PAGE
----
Ignatieff: le mot juste

Paul Wells links to an inadvertently funny video interview with Michael Ignatieff. I juusst know you’ll enjoy it!

5 thoughts on “Ignatieff: le mot juste

  1. Hey — the link to the video interview, at least when I tried it, doesn’t take you to an Ignatieff interview. I think the website you’re linking to has changed the video they have on their top page.

  2. If you go to headlines of the past two weeks (link at bottom), then search for Iggy.

    Wow. Just when you think Harper can’t POSSIBLY win another election, you see what the opposition looks like.

  3. It is funny. Man.

    Here’s an excerpt from Chalmers Johnson’s book Nemesis (p. 72) that raises some relevant issues:

    “During the post-9/11 period of American enthusiasm for imperialism, one of its most influential proselytizers was Michael Ignatieff, a Harvard professor and self-appointed spokeman for ‘humanitarian imperialism,’ also known as ‘Empire Lite’. As the demand for his cheerleading faded in light of the Iraq war, Ignatieff decided to return to his native Canada and become a politician. Back in Toronto, he acknowledged to a journalist that his many essays and op-eds had all been written as if he were an American, and he apologized for having used ‘we’ and ‘us’ some forty-three times throughout his essay entitled ‘Lesser Evils,’ which is a defense of offical torture.”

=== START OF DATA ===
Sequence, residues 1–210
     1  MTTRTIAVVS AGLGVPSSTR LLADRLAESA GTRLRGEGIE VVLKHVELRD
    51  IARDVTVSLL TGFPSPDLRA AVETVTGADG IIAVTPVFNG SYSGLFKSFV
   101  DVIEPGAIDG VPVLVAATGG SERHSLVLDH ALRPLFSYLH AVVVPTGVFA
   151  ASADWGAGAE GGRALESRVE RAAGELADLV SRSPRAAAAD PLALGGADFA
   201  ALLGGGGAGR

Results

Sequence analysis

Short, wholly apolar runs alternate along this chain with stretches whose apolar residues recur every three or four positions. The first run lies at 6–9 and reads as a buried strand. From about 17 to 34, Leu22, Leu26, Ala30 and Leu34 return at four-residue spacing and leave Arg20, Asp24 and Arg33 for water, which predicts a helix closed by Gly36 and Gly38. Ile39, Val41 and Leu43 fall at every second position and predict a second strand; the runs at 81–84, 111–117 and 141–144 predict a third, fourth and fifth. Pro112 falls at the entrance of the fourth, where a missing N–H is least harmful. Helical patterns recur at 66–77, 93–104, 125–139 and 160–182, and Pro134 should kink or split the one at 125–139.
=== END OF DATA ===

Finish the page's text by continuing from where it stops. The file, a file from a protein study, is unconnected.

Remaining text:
4. I finally got around to reading the Macleans interview with Iggy from last month. I was dumbfounded- even on paper his smarmy weird arrogance drips from each line. If you check it out, he manages to refer to himself in the third person consistently, without the trick of using the actual pronoun. Instead of answering a question with his thought on the subject, he constantly refers to his past thoughts, and then dissects them as if they were Talmudic maxims. “If you read what I said in X, I think what I seem to be saying is that…. and note that I used the word ….”
    What a putz!
    Once, referring to how he always felt like he BELONGED in Canada, and even referred to writing a book, Blood and Belonging about it. Except Whyte, the interviewer, calls BS, as Iggy had actually written in the book that he felt like an alien looking at Canada. To which Iggy responded, “Well, yes, but a funny kind of alien who actually belongs.” Or something like that.
    (and by the way, I went into this wanting to like the guy, hoping for an alternative to Harper).

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